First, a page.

President Biden’s push to raise the federal minimum wage sparks controversy

Student workers and economists disagree on possible outcomes of raising federal minimum wage to $15 per hour

Kristen Fallon, Staff Reporter

President Joe Biden’s push to raise the federal minimum wage to $15 per hour as a part of his $1.9 trillion COVID-19 relief package proposal has sparked lots of controversy, raising tensions between Democrats and Republicans in Congress.

President Biden said in an interview with CBS News on Friday, Feb. 5, that he believed it was unlikely that the $15 minimum wage would be passed by Congress in the COVID relief package.

Many Americans are worried that an economy already devastated by the COVID-19 pandemic will not survive such a significant increase in the minimum wage and ruin small business owners who have already been hit hard during the pandemic.

Democrats argue that the current federal minimum wage of $7.25 per hour, which has not changed since 2009, is not a living wage. The minimum wage is not keeping up with the rate of inflation, which puts millions of working Americans below the poverty line.

“Personally, I find that the raising of the minimum wage to $15 an hour, or even more, is crucial for not only individuals but also for the nation as a whole,” said Evan Hunter, a senior majoring in political science major at IU Southeast. “While there would still be much work to be done, simply being able to drop even one job and still be able to breathe financially would help so very many talented people academically.”

Hunter, who currently works as a student tutor and success alliance leader at IUS, thought it was important to point out that many college students must balance multiple low-paying jobs on top of their schoolwork just to have enough money to pay their bills.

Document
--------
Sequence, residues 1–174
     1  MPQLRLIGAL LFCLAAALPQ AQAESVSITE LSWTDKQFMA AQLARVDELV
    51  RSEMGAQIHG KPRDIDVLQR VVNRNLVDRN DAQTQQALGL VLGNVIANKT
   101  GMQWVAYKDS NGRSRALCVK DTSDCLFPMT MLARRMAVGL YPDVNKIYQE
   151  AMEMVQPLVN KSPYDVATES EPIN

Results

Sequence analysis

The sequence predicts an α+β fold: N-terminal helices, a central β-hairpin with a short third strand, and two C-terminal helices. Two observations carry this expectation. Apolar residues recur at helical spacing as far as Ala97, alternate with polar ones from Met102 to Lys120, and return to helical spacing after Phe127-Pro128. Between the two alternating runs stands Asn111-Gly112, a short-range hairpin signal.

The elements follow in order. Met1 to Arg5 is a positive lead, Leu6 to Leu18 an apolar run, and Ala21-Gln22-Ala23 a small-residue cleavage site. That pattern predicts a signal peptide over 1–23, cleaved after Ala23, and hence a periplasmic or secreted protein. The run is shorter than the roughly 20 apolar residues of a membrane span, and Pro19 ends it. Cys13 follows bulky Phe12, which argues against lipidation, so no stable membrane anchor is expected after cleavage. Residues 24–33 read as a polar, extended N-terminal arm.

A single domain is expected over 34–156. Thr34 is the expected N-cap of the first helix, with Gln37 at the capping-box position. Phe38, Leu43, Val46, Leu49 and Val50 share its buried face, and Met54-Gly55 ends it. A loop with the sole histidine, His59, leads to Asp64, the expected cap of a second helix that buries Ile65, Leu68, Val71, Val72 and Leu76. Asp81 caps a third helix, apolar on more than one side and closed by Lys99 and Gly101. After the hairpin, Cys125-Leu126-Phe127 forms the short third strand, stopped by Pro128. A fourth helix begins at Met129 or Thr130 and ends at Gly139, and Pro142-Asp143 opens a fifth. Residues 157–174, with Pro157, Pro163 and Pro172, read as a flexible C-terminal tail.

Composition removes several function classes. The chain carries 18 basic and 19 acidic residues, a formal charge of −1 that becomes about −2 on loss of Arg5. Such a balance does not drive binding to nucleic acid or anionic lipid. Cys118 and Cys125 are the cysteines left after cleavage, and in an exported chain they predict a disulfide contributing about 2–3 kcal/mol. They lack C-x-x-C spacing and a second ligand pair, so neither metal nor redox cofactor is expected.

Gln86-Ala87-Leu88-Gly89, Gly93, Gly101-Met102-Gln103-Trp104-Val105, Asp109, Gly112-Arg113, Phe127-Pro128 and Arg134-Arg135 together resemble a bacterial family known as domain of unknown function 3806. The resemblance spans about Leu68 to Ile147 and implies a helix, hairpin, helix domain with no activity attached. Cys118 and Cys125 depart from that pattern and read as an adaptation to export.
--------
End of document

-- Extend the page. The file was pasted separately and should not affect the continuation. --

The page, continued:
“To have intelligent and talented individuals oftentimes be restricted academically because they are working two or three jobs at once to get by and continue their education is not only horribly unfortunate for those individuals, but is also terrible for higher education within this nation,” Hunter said. “The amount of fantastically intelligent and talented individuals that I have seen drop out due to financial reasons is far too high.”

While students and other lower-income workers would be elated to accept an increase in pay, economists warn that it simply isn’t that easy.

Arun Srinivasan, an associate professor of economics at IUS, points out some of the problems that raising the minimum wage would have on the economy.

“Businesses and firms will have to increase the [minimum] wage, which will lead to firms hiring fewer workers; roughly 1.4 million workers will lose jobs or will not be hired according to the Congressional Budget Office,” said Srinivasan. “Firms will pass on the higher cost to the consumers in the form of higher prices when this policy goes into full effect.”

“The minimum wage is a mixed-bag policy that helps some in one group by harming others in the same group. Think of it as making it more expensive to hire the least-skilled workers in our economy,” said Eric Schansberg, a professor of economics at IUS. “Its long-term costs are troubling too since it reduces opportunities to get the training and experience that would make them more valuable in labor markets.”

Schansberg argues the proposal is poorly-targeted because it is aimed at helping the heads of households when few workers fall in that category.

“It would be better to increase the earned income credit, funneling money only to working heads of households, without making it more costly to hire them,” he said.

While it is uncertain whether Congress will approve an increase to the federal minimum wage as a part of the COVID-19 relief package, President Biden has stated he will take whatever steps necessary to raise the federal minimum wage to $15 per hour, even if he must propose a bill completely separate from the relief package.